Innovative student aid program taps grassroots support
Crowdfunding isn't just for bands and filmmakers anymore. A new student-run organisation in Sweden is supporting 21 Tanzanian university students while earning high marks for transparency.
Artists have financed projects with crowdfunding, and small businesses have used it to get on their feet. Now, the concept of crowdfunding is being taken further. A student at KTH Royal Institute of Technology has founded an organisation that draws on grassroots donations to support Tanzanian students’ education.
Help to Help is the brainchild of Malin Cronqvist, who says the fledgling non-profit provides donors with a level of transparency that many international aid programs lack. The program was launched in 2013 with help from KTH Innovation and Student Inc., and is run with three others, including KTH students Erik Bäck and Fredrik Hagblom.
Help to Help donors can choose which students they want to sponsor – there are profiles for each on the organisation’s website – and they can read in detail how the money will benefit them.
“You can communicate directly with the student and see what progress they make,” Cronqvist says. That direct contact, and the visibility of each individual in the aid program, offers donors a unique level of transparency.
“Without singling out specific organisations or aid projects, it has been difficult at times for donors to get direct feedback about where their money ends up or how it helps improve people’s lives,” she says. “There is simply too much administrative cost to provide such transparency. The best case solution has been to show that the money went, for example, to villages.
"Help to Help is a personal and transparent way to contribute,” Cronqvist says. “You decide whom you want to sponsor, and you can directly see how the money benefits them.”
In its first year, Help to Help was able to sponsor two students from Tanzania. This year donations have been used to sponsor 21 students. Cronqvist says the organization expects to sponsor at least 30 next year. Already, two students have graduated and gotten jobs, and five more will graduate this semester.
While focused on Tanzania, Help to Help has ambitions to scale up, and the organization is considering expanding into other African countries, such as Nigeria, Kenya and Ghana. But for now, Cronqvist says, the organization is focused on quality over quantity. Qualifying countries need to have banking systems free of corruption and enough good universities, she says.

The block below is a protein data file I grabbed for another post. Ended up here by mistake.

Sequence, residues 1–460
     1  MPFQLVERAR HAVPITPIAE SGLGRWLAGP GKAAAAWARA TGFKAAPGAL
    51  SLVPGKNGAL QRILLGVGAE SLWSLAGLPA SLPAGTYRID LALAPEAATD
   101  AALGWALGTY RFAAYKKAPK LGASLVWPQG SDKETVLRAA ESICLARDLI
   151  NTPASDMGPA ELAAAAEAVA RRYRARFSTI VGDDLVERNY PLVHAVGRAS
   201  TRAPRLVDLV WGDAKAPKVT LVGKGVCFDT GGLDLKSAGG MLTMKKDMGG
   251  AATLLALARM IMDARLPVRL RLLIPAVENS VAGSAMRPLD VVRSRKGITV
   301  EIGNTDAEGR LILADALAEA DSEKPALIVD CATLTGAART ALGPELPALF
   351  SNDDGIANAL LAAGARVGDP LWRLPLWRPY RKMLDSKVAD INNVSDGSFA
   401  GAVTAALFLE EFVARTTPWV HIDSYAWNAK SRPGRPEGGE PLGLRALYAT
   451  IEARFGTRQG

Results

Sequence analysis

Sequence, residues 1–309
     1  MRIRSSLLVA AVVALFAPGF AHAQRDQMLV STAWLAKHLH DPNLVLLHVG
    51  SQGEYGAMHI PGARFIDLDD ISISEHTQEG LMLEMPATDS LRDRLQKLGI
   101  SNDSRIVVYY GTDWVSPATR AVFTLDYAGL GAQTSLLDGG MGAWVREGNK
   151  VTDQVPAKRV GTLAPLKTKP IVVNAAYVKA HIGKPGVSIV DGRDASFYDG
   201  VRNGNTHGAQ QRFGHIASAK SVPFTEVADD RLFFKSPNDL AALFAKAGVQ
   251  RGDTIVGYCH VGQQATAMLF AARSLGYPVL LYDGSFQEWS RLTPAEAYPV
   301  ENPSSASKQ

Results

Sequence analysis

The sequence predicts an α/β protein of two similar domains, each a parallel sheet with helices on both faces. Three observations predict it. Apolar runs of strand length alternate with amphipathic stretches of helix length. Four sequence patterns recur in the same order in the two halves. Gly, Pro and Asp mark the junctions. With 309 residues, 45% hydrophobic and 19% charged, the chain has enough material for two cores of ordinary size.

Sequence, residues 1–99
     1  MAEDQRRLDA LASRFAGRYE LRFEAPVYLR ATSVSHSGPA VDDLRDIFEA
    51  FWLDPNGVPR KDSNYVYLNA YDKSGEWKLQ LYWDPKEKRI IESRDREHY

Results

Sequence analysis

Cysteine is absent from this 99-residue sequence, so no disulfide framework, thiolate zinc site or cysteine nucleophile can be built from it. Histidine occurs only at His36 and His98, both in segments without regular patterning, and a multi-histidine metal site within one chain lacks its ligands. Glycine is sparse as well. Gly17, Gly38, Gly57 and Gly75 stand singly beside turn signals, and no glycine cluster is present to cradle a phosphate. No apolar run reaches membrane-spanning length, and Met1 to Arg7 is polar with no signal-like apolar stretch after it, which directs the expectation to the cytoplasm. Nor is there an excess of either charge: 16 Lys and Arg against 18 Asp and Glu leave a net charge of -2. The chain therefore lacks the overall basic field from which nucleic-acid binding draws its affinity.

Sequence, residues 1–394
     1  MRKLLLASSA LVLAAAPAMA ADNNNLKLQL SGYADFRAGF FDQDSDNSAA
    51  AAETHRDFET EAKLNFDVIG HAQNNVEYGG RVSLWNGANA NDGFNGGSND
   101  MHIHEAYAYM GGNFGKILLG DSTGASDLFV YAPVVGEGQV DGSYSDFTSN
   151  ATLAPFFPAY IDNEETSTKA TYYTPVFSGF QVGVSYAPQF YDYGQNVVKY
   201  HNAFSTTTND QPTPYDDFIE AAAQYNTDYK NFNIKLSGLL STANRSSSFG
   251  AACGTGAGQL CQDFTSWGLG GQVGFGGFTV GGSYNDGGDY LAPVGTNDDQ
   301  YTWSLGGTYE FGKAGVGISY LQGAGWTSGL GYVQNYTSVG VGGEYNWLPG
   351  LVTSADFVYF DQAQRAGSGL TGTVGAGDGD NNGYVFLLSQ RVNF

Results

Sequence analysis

There is no donation limit, but due to the cost of transactions, donors must contribute a minimum of 20 Swedish crowns.
Characteristic of most crowdfunding efforts, many of the donations are small. But that’s the point of crowdfunding: to target many givers of modest means rather than rely on a relatively small pool of big donors.
Students who are sponsored by Help to Help all come from low income backgrounds. “They are people in whom we see great talent and great drive,” Cronqvist says. “They will be able to contribute to Tanzania’s growth and the creation of more jobs when they finish their studies.”
Help to Help also looks for students who bring different networks, which increases their chances of success in their studies as well as in the job market.
Since its founding, Cronqvist has been named Innovator of the Year by Danske Bank for her work toward increased transparency in the international aid sector. One secret of her success, she says, is the help she received from Student Inc and KTH Innovation.
“It was when I came into contact with Student Inc and KTH Innovation that Help to Help started to really grow,” she says. “That’s because I good such good advice from the coaches there. It also didn’t hurt that I was a little naïve. You have to be a little naïve or all you will see are the problems,” she says.
For more information, contact Malin Cronqvist at +46 70 - 408 74 74 or email@example.com
Visit Help to Help on the web.